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201. Fine Claret Pudding.— 1 pint claret, ½ pint water, ½ tablespoonful cornstarch, the thin peel of ½ lemon, 4 tablespoonfuls sugar, 4 eggs and 8 sheets of red gelatine; lay gelatine in cold water and let it remain until the pudding is prepared; put the wine, water, cornstarch, sugar, lemon peel and yolks of the 4 eggs in a saucepan and beat it up well with an egg beater for 5 minutes; then place saucepan with its contents over the fire and continue beating till just before boiling; remove from the fire, squeeze the water from gelatine, put it into the saucepan and mix with its contents; then set aside to cool; as soon as it begins to thicken add the whites of the 4 eggs, previously beaten to a very stiff froth; when this is well blended together rinse a jelly mould with cold water, sprinkle with sugar, pour in the mixture and set it either in cold water or on ice to get firm; serve with vanilla or cream sauce or turn the pudding onto a glass dish and lay a border of whipped cream around it. This pudding if made according to above recipe is very fine and sufficient for a family of 6 persons.

202. White Wine Pudding.— ½ bottle white wine, 2 of red and 6 sheets of white gelatine, the grated rind and juice of 1 lemon, a little vanilla, 5 eggs and 6 tablespoonfuls sugar; lay the gelatine in cold water; place a saucepan with yolks of the 5 eggs, lemon, sugar, vanilla and wine over the fire and stir constantly until just about to boil; then remove from fire, press gelatine out, add to the hot mixture and set aside to cool; as soon as it begins to set whip whites of the 5 eggs to a stiff froth and stir them through it; fill a jelly mould with the mixture and set it on ice to get firm; serve with vanilla sauce. The mould should be rinsed with cold water and dusted with coarse sugar previous to pouring the pudding into it.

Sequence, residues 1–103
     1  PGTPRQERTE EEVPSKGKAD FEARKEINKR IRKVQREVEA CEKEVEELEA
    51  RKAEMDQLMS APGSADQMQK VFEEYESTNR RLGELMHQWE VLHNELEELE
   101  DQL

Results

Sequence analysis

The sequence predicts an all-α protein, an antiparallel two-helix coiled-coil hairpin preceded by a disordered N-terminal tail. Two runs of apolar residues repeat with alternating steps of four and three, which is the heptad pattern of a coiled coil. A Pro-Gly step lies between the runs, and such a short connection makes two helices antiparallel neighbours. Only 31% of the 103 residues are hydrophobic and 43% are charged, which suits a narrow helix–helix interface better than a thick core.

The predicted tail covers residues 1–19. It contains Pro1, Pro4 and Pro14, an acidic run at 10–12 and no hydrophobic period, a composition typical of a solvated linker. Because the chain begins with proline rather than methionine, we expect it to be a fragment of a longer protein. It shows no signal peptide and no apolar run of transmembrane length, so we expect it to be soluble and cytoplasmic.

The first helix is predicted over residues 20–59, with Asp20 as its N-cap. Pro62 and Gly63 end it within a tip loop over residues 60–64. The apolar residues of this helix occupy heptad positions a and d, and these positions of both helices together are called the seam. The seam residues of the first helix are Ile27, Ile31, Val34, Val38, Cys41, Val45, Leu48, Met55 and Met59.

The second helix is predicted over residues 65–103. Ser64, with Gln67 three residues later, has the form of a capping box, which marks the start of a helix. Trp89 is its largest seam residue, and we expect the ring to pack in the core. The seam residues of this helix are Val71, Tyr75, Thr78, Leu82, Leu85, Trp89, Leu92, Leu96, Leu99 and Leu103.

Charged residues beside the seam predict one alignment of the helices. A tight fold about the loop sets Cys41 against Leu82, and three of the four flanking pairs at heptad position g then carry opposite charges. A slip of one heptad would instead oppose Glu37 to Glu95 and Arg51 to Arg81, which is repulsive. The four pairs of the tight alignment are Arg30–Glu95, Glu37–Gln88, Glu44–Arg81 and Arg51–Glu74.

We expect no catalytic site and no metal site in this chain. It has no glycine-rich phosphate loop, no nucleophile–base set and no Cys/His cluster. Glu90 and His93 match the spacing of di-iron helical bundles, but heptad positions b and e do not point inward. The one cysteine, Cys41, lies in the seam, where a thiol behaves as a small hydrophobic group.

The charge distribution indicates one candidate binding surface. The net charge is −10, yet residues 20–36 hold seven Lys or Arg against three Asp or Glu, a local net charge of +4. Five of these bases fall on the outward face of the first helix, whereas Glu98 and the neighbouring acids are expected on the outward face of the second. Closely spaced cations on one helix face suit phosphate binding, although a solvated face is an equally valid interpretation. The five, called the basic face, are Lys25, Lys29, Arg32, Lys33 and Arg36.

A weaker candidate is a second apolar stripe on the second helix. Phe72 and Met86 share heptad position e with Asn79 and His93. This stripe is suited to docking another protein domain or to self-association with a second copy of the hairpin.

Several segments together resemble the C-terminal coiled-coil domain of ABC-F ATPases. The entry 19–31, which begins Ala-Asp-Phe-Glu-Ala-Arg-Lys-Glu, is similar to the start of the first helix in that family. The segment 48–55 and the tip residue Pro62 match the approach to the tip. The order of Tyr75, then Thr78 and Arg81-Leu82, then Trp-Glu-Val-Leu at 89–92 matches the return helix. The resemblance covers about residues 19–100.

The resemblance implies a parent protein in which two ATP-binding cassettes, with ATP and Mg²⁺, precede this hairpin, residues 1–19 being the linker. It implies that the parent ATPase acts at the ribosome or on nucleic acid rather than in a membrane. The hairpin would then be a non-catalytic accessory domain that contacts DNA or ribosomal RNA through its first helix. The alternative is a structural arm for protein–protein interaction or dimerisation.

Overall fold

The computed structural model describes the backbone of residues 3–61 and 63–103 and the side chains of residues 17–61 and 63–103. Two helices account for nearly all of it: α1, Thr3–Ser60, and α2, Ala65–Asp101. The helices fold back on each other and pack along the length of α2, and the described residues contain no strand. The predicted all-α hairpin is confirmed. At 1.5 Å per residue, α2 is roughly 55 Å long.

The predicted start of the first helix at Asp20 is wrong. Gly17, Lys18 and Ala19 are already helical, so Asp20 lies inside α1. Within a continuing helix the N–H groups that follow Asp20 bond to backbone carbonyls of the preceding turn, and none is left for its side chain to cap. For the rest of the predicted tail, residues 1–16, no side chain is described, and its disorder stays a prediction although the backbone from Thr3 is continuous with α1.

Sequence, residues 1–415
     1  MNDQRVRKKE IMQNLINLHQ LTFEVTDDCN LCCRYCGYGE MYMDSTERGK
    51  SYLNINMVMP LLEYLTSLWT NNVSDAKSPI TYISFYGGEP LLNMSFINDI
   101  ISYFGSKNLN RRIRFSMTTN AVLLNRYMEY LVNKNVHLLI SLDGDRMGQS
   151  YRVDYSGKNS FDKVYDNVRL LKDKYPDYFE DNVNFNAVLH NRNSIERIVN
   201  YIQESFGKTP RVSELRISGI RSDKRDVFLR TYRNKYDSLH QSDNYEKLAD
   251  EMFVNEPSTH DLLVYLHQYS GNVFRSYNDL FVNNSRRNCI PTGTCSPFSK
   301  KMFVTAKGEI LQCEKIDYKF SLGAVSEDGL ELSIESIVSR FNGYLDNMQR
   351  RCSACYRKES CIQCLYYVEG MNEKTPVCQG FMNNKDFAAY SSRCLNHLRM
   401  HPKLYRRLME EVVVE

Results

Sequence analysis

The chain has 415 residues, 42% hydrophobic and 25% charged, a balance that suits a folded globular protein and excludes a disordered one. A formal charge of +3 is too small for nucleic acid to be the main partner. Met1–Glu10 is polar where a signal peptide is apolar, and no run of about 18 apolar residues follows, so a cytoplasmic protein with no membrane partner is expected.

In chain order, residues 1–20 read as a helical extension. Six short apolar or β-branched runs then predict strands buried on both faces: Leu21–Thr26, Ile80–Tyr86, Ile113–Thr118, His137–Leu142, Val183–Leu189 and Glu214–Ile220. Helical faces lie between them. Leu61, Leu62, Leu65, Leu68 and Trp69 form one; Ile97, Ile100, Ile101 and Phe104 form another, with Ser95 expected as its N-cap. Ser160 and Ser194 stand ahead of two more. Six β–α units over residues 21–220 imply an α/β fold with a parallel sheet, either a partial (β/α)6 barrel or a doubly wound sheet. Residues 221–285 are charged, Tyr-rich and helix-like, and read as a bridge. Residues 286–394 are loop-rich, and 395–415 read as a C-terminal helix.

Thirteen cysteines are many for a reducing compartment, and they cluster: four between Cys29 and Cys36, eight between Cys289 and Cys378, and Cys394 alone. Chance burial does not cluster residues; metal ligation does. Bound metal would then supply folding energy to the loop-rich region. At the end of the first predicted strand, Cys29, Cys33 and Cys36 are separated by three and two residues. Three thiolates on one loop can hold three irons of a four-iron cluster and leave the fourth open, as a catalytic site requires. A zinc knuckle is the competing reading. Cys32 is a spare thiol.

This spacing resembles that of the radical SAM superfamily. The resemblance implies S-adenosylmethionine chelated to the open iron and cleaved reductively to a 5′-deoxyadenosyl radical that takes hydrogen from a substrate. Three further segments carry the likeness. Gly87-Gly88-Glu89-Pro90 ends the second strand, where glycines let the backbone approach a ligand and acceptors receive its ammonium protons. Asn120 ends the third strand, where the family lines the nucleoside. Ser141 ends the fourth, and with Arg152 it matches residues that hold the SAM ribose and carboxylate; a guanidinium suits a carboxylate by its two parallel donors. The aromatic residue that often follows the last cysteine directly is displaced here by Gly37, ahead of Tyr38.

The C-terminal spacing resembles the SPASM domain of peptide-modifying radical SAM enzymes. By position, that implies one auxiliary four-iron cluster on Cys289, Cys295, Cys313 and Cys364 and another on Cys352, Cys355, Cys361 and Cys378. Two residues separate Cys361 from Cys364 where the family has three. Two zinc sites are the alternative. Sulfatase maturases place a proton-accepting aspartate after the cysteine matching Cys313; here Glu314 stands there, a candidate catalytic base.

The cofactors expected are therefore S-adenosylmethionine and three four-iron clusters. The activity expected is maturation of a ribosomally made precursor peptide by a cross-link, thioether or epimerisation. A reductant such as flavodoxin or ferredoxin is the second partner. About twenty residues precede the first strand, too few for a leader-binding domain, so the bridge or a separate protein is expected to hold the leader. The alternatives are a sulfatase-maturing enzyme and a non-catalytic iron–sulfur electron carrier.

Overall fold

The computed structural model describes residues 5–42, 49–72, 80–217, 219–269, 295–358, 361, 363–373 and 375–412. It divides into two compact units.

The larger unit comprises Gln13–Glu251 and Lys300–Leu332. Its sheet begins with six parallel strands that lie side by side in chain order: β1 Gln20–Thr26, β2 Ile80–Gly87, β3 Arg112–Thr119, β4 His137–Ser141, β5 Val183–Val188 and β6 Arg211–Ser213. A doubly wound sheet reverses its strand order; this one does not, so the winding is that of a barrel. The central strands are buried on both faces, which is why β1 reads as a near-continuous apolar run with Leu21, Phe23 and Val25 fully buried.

203. Cold Apple Pudding.— Put 1½ pounds peeled and sliced apples in a saucepan with 1½ quarts water; stew till tender, strain through a colander, return it to saucepan and add 1 pound sugar; soak 2 ounces gelatine in a little cold water, add to the apples, let the whole boil for a few minutes and pour it into a form to cool; serve with vanilla sauce.

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FINE COLD PUDDINGS.

204. Pudding à la Polonaise.— Beat the yolks of 10 eggs and 2 whole eggs with an egg beater with 1½ pints Rhine wine (or white wine), 1 cup sugar and the grated rind of 1 lemon and the juice of 4; strain this into a large kettle and beat over a slow fire till nearly boiling; remove the kettle, place it into cracked ice or cold water and continue beating till cold; in the meantime soak 1½ ounces gelatine in ½ cup cold water for 15 minutes, add ½ cup boiling water and stir over the fire till dissolved; then stir it slowly into the cream, beating constantly; add lastly ½ cup rum; next place a cream form into cracked ice, put in a few spoonfuls cream and put over this a layer of vanilla wafers which have been soaked in sugar syrup with a little rum; after 5 minutes add more cream and wafers; continue until the cream is used up; leave on ice for 2 hours; when ready to serve dip the form into hot water, turn the pudding onto a round dish and serve; sufficient for 12 persons. If this pudding is too large half the quantities may be used.